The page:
“The first thing you should know about me is that I’m not you. A lot more will make sense after that,” via universe.inside.you. This is an appropriate follow up to the discussion on Greenlights. I spoke about the cages we put ourselves in and the cages we stay in when we are clearly meant for something else. When we clearly hear that call telling us to take the giant leap out of the box we feel obligated to stay in. If we are to talk about freedom, the first step realistically is to know who we are and what freedom is to us. I’ve had this vague idea that I’ve shared in my work over the last year, but I haven’t really ironed it out. One thing I’ve learned in the books I’ve been working through in this time is that you have to know who you are and you have to be really clear on the intent in order to figure out where you’re going. Once you have that defined, the road map kind of lays itself out.
I have to say there are still facets of myself I’m still learning at this age. There are days it feels like my brain wants to split in two because I feel like I’m living multiple lives at the same time. It is a disorienting feeling. I put the pressure on myself to do all of the things I want to do, and now that I’ve started them, I don’t know how to put them down in order to focus on one thing at a time. I’ve already created an illusion abut who I am and I called it a vision. That doesn’t mean for a second that 1. Any of what I’ve said isn’t true or that 2. I don’t have value in all of the things. I’ve learned that it means I’m incredibly impatient and really crappy at time management and I put an enormous amount of pressure on myself to do it all. I’m a great over extender. Throw in some ADD and suddenly I’m the plate spinning rather than the one spinning the plate. It often does feel like I’m about to fall.
I’m still working through some loneliness around this. All of the things I’ve set out to do I genuinely want. Yes, that does make it my responsibility to see it through because I’m passionate about all of it. However, when there are people who don’t understand how your brain works, all they see is someone flippant, flighty, and non-committal. It’s distracting to them and to you and they can’t help but turn away—if you don’t know what you need, it ISN’T their responsibility to tell you either. Yes, they could be supportive enough to help you work through that part or at least tell you, but it isn’t their job to tell you what you need on your journey. Even understanding that, it feels lonely. When you over commit, you spend a lot of time alone because you’re in the trenches of everything. For me, it’s like that at home and at work—my job is the best example because I oversee three completely unrelated areas and they are small teams so getting them stood up requires knowing each area and being able to pivot at any time to support them. It’s an environment designed on distraction and high propensity for failure. I know I’ve personally felt like a failure at least 40 times this week alone.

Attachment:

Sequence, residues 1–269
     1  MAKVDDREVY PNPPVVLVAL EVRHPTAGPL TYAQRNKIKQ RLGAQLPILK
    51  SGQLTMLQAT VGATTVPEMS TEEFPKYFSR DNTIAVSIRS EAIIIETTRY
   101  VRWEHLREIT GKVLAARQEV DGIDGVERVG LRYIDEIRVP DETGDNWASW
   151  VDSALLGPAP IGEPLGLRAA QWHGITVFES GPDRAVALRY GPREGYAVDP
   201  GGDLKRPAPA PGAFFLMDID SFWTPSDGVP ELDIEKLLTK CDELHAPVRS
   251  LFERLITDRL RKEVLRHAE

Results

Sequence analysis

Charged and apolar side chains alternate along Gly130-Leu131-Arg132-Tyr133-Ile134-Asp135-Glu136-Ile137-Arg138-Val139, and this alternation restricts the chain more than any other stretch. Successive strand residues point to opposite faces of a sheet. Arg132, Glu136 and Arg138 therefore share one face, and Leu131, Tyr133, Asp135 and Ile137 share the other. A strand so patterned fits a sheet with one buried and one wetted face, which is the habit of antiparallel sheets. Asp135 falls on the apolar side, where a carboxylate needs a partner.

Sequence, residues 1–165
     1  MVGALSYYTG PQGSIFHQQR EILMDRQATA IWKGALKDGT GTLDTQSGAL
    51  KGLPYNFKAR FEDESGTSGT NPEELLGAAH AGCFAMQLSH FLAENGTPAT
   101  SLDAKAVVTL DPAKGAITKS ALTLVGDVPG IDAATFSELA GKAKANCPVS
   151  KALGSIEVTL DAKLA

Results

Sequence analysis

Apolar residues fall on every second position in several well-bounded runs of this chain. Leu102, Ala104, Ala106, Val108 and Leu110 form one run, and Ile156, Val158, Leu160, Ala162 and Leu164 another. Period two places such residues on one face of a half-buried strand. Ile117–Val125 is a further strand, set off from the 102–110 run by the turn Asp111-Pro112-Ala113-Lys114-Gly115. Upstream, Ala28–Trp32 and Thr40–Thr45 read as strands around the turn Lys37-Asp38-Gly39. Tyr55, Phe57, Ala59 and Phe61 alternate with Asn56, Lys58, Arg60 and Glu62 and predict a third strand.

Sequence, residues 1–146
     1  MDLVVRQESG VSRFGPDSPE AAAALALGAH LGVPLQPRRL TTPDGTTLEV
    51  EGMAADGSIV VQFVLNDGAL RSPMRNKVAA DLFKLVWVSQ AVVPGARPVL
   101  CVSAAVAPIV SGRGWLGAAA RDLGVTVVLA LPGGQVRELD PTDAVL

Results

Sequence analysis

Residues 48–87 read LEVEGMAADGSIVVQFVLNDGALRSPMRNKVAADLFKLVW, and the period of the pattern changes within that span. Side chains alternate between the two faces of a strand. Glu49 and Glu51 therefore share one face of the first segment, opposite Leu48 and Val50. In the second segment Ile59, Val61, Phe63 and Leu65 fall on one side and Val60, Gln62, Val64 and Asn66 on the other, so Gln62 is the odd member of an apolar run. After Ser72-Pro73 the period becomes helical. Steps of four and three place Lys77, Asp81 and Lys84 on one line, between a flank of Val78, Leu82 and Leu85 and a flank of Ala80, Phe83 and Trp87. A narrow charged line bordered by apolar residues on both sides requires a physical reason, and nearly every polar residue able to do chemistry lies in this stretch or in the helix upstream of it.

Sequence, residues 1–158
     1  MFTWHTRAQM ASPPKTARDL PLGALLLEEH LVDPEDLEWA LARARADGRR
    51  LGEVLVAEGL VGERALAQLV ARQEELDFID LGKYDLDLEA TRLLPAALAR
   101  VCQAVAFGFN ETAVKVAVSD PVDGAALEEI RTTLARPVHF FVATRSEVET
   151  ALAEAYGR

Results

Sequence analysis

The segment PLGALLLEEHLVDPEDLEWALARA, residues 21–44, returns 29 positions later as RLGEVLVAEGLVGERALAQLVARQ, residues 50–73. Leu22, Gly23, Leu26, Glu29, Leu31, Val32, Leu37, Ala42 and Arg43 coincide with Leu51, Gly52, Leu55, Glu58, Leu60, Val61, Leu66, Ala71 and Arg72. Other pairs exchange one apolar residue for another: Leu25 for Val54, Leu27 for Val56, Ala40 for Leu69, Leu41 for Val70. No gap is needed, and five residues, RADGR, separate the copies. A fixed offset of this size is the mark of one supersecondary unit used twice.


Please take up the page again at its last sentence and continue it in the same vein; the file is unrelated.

But maybe it’s reading the book or maybe it’s me growing up because I really did start to question if I would feel this way if I knew myself better or if I would have this compulsion to do a million things at once if I were more secure in who I am. I think of all the time I’ve wasted running between the spinning plates and it absolutely breaks my heart—I’m a broken record about that. But I still haven’t figured out how to stop. I WANT to. I KNOW I need to. I literally can’t get past it. It’s 100% my own brain, there is no mistaking that. But I am in so deep that I don’t know how to let go now. What does this have to do with the opening quote? EVERYTHING. The way to stop is to be with myself for a bit. It’s to take the journey inward for a while and really find the patience to see who I am.
We sometimes create another person’s standards or think we know how they see us when in reality we are projecting our insecurities of ourselves THROUGH them onto ourselves…it’s our own beliefs that we attach to someone externally. So maybe the opening message is really for ourselves. Once we understand we can’t be anyone other than who we are, life will get easier. We can more clearly differentiate between who we are and what we are meant to do versus what we are told. We are all here for a purpose. I’ll admit I’ve gotten caught in the weeds with that. I always thought my value was determined by how much I brought to the table, a constant game of proving I deserve to be there. Once I let those illusions down, I saw there was something else. And you will too. So start looking at who you are and allow the pieces to fall where they make sense in your life…no one else’s.